My Family Finder
Sherry took a DNA test on Ancestry for fun and realized that the father she adored, the man who raised her, was not her biological father. This was apparent when her sister tested also and their shared DNA percentages indicated that they were half-siblings. We were able to narrow the search for her father down to one man (Mr. Parker) who lived in South Florida. Sherry did a little family research on her own and discovered that this man was her parent’s married neighbor 50 years ago. She immediately reached out to Mr. Parker who quickly confessed to the relationship with her mother and declared he’d been waiting for her phone call for 50 years! He told her that she is his only child, and he is 87 years old! They were able to connect and develop a meaningful relationship. Mr. Parker passed away recently and Sherry is so grateful to have had the privilege to know him. Had she waited any longer to search for him, it would have been too late to meet him!
Many years ago (1985), in a small South Carolina town, a child was conceived by two strangers who had too much to drink at a party. The woman gave birth to her daughter and named her Kim. According to Kim’s mother, she never saw the father again. Kim’s dream was to discover the identity of her biological father. She hoped to meet him and find out about his life. She tested on Ancestry and within minutes of analyzing her results, I was able to tell her his name. Together, (but in different cities) she and her potential birth father took an independent paternity test. They matched with a 99.99% Parent/Child match. As you can imagine, finding out that you have a grown child can be life changing. Accepting this news with grace and compassion is not always the norm, but happens quite often. In this case, she was believed, accepted and lovingly welcomed.
Jodi became more curious about her birth parents after her adopted parents passed away. She had longed to learn her story and hoped to someday know them and hear the mystery of her conception. I was able to research and discover the story of both of her parents, who at this point had both passed away. Her father died at age 25 in an attempted prison break in Texas. It was a tragic story of a troubled childhood which carried on into his adult years with a vengeance. Her birth mother, it was discovered, was killed by her husband about 20 years ago. Sadly this is not the news Jodi was hoping for at all. Research and public records have answered many of her questions but there is much more to her mystery that may never be revealed. Stories like this demonstrate that uncovering adoption details are not for the faint of heart and one must be prepared for any scenario.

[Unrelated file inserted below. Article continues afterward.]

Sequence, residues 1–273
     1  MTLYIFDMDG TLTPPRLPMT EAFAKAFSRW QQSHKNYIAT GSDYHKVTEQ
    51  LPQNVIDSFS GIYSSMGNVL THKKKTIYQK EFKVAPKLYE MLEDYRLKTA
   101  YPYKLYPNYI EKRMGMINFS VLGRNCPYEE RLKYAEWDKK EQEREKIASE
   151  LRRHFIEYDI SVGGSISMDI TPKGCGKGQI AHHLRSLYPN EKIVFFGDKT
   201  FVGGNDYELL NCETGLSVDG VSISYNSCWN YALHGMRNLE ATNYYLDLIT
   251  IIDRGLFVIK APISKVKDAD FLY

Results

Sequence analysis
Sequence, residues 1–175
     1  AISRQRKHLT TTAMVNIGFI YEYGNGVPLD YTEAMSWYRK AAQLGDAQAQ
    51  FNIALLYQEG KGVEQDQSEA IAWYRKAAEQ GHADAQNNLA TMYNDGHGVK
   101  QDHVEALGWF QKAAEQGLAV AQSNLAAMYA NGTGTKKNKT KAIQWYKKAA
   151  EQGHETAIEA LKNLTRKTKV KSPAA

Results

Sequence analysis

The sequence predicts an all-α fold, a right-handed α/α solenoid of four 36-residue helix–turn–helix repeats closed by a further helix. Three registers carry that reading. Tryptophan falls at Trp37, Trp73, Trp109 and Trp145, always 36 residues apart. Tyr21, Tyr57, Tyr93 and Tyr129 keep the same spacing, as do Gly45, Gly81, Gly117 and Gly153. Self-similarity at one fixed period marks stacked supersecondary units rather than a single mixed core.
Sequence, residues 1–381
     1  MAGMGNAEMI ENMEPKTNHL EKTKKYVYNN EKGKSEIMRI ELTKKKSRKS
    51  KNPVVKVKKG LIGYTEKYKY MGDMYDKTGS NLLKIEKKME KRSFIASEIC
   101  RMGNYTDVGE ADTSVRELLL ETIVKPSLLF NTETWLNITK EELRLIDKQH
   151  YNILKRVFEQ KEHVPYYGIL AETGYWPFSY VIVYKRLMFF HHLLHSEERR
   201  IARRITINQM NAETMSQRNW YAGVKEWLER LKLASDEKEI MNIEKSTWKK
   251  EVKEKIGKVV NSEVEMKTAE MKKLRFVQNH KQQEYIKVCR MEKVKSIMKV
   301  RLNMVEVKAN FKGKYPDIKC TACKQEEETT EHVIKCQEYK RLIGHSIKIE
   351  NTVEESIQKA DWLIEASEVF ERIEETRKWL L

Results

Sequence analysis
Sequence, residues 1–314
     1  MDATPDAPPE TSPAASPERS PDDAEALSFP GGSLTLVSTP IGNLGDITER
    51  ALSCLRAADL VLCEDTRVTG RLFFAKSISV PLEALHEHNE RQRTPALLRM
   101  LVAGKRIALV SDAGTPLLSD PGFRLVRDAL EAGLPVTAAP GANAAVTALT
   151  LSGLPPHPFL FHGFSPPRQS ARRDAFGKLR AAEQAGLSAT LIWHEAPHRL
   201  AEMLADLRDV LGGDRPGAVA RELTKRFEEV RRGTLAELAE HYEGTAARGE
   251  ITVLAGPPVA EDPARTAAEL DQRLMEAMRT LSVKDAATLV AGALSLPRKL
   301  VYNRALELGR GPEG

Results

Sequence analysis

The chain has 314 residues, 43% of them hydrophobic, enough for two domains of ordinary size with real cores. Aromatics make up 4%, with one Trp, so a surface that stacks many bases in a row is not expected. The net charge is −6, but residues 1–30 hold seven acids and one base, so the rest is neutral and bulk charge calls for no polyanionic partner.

Robert, age 49 was adopted and was encouraged by his daughter to find out who his biological parents were. Although somewhat apprehensive, Robert tested with Ancestry, not knowing what to expect. I was able to pinpoint his maternal side and determined that his biological grandparents had several daughters. With some trepidation I told him I believed the youngest daughter, who was very, very young at the time of his conception and birth, was his biological mother. It took some time and thought for Robert to absorb and reconcile my findings. After a few months he made the courageous decision to write her a letter. She responded right away and confirmed that yes, she is his birth mother and that she had been looking for him for some time.
Jackie was looking for her half-sister who was placed for adoption. Her sister would now be in her early 20s. Because her mother was allowed to communicate with the adopted sister when she was much younger, she knew just the first name of the sister she was looking for. She also knew only the first name of her half-sister’s adopted parents and the possible state that they lived in at one time. These tiny details can make all the difference when searching for someone who was placed for adoption. Cases like this are much more challenging because doing a DNA test to find a sibling is much harder than looking for a birth parent. When searching for a sibling, the searchee would have to actually test to be found. When looking for a birth parent, they do not need to test to be able to follow the DNA breadcrumbs. I was able to find her sister, only because I did have those tiny details to aid in the search. Her sister was found within minutes and was at that time a college student in Texas. Jackie sent me a video of herself shedding happy tears before she reached out to her newly found half-sister, who was elated to have been found!